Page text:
Survivors mark second anniversary of Katrina with prayers, protests

New Orleans City Council member Cynthia Willard-Lewis looks down into the Industrial Canal after throwing a memorial wreath into the water on the second anniversary of Hurricane Katrina on Wednesday. THE ASSOCIATED PRESS,S ALEX BRANDON


New Orleans City Council member Cynthia Willard-Lewis looks down into the Industrial Canal after throwing a memorial wreath into the water on the second anniversary of Hurricane Katrina on Wednesday. THE ASSOCIATED PRESS,S ALEX BRANDON

By Mary Foster

NEW ORLEANS – Prayers, protests and a lingering disgust with the government’s response to Hurricane Katrina marked the disaster’s second anniversary Wednesday, with a presidential visit doing little to mollify those still displaced by the storm.

Clarence Russ, 64, took a dim view of politicians’ promises as he tried to put the finishing touches on his repaired home in the city’s devastated Lower Ninth Ward.

“There was supposed to be all this money, but where’d it go? None of us got any,” said Russ, whose house was the only restored home on an otherwise desolate block.

Not far away, President Bush visited a school. “We’re still paying attention. We understand,” he said before heading to the Mississippi Gulf Coast, also devastated by Katrina.

But Gina Martin, who is still living in Houston after Katrina destroyed her New Orleans home, was not convinced. “Bush was down here again making more promises he isn’t going to keep. The government has failed all of us. It’s got to stop,” she said.

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Martin was among an estimated 1,000 people taking part in a protest march that started in the Lower Ninth Ward. It was a uniquely New Orleans-style protest: There were signs accusing the Bush administration of murder and angry chants about the failure of government. But marchers also danced in the street accompanied by two brass bands.

Katrina was a powerful Category 3 hurricane when it hit the Gulf Coast the morning of Aug. 29, 2005, broke through levees in New Orleans and flooded 80 percent of the city.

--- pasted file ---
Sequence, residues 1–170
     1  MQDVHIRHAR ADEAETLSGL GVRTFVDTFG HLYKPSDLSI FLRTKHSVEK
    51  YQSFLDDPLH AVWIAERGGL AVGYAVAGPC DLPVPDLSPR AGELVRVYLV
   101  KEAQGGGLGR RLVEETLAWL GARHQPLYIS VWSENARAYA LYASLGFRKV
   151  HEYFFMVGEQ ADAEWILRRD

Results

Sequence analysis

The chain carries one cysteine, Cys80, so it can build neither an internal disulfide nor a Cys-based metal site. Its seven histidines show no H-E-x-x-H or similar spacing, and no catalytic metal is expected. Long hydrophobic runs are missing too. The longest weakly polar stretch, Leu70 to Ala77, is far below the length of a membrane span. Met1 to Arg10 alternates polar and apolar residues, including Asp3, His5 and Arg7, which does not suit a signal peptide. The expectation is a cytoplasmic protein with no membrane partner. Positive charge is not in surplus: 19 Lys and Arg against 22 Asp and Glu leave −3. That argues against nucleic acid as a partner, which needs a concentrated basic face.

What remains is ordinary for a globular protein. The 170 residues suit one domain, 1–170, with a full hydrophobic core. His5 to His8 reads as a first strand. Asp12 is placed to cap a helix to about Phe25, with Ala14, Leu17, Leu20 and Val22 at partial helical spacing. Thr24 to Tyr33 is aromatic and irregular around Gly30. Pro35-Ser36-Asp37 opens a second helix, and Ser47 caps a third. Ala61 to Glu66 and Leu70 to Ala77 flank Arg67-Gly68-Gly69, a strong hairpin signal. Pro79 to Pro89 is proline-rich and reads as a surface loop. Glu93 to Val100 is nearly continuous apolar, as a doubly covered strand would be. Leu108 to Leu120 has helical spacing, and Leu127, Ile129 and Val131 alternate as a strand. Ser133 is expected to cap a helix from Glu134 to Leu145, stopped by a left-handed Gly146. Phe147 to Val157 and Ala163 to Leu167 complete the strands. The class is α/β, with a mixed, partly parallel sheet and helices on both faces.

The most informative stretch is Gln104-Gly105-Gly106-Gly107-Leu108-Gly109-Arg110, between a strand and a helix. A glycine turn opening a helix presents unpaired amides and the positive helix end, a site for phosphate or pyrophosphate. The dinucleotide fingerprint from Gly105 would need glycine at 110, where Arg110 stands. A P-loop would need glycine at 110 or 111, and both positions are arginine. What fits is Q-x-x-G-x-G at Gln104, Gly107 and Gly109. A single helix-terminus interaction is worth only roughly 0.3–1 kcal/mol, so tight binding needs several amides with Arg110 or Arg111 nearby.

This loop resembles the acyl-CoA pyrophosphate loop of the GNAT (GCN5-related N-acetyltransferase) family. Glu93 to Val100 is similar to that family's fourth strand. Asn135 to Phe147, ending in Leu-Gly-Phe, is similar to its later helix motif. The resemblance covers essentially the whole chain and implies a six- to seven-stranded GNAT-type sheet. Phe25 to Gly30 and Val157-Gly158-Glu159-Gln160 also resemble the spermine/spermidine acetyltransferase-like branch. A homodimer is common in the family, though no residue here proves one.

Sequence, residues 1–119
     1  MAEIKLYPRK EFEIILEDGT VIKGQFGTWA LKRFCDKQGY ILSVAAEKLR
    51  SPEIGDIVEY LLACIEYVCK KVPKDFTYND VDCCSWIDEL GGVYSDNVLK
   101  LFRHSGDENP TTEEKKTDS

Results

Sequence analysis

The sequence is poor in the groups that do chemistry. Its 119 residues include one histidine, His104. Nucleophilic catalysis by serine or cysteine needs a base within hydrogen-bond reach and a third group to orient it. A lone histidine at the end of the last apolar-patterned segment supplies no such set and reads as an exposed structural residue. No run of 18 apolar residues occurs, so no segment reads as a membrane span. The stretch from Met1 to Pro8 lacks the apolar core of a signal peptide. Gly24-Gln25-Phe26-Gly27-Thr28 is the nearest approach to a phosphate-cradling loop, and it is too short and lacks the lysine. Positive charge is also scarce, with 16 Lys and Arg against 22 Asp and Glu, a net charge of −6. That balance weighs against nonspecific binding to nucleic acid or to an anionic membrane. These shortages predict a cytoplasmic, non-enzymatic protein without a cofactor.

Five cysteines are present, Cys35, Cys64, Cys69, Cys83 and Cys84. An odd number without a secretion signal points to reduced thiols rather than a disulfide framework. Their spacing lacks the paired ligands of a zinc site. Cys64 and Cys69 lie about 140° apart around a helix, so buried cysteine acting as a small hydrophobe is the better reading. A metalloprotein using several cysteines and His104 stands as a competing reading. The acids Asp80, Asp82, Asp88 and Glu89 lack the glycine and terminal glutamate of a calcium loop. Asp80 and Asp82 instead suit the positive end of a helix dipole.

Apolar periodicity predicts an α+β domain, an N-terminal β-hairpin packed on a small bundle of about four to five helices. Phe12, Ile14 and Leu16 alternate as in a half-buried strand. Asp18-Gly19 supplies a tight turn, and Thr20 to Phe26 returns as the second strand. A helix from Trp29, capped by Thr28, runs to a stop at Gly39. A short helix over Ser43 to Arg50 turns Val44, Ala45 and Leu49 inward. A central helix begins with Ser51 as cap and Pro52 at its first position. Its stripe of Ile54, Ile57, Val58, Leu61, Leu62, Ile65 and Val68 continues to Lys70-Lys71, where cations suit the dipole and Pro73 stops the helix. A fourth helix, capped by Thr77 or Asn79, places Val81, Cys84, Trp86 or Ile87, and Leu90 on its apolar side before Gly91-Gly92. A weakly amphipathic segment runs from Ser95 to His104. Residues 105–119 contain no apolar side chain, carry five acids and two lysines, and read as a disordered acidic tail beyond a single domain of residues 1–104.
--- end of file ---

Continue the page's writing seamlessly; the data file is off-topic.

By the time the water dried up weeks later, more than 1,600 people across Louisiana and Mississippi were dead, and a shocked nation saw miles of wrecked homes, mud and debris from one of the worst natural disasters in its history.

In New Orleans, recovery has been spotty at best. The historic French Quarter and neighborhoods close to the Mississippi River did not flood and have bounced back fairly well. The city’s population has reached an estimated 277,000, about 60 percent its pre-storm level of 455,000. Sales tax revenues are approaching normal, and tourism and the port industry are recovering.

But vast stretches of the city show little or no recovery. A housing shortage and high rents have hampered business growth. The homeless population has almost doubled since the storm, and many of those squat in an estimated 80,000 vacant dwellings. Violent crime is also on the rise, and the National Guard and state troopers still supplement a diminished local police force.

Bush, New Orleans Mayor Ray Nagin and Louisiana Gov. Kathleen Blanco all have drawn harsh criticism in the storm’s aftermath. Blanco, who appeared with the president at the Ninth Ward school, opted not to run for re-election this year after polls showed her popularity at rock bottom.

While Bush visited, Blanco said she asked him to, among other things, cut through red tape that she said has delayed the distribution of federal aid. She also said she asked him to withdraw his threatened veto of a federal water resources bill that she said would help strengthen Louisiana levees and close a controversial navigation channel that some blame for exacerbating Katrina’s floods.

Bells pealed amid prayers, song and tears at the groundbreaking for a planned Katrina memorial at a New Orleans cemetery.

“We ring the bells for a city that is in recovery, that is struggling, that is performing miracles on a daily basis,” said Nagin.

The memorial will be the final resting place for more than two dozen unclaimed bodies.

“The saddest thing I’ve seen here is that there are 30 human beings who will be buried here one day that nobody ever called about,” David Kopra, a volunteer from Olympia, Wash., said, holding back tears.

At the Claiborne Avenue bridge over the Industrial Canal, mourners tossed a wreath into the water near the spot where a levee breach led to the inundation of the Lower Ninth Ward.

In Mississippi, about 100 people prayed and sang in the shadow of a Katrina monument on the neatly manicured town green of Biloxi.

“God has been good to Biloxi and its people of the Mississippi Gulf Coast,” Mayor A.J. Holloway said. “We have a new outlook on life and a new appreciation for what’s really important in life. It’s not your car or your clothes or your possessions. It’s being alive and knowing the importance of family and friends and knowing that we all have a higher power.”

In Gulfport, Miss., Gov. Haley Barbour urged people to see the positive. About 13,000 of his state’s families are still living in FEMA trailers, but that’s down from a peak of 48,000, and he expects they could all be out of the temporary housing in a year.

Some let the day pass without fanfare. James Chaney, working on his sister’s washed-out house in New Orleans, had no use for the protesters.

“They’ve done that stuff and done that stuff. It doesn’t help us. It doesn’t get us anything. It doesn’t get anyone to help us.”

Associated Press writers Cain Burdeau, Alan Sayre and Stacey Plaisance in New Orleans and Becky Bohrer in Biloxi, Miss., contributed to this story.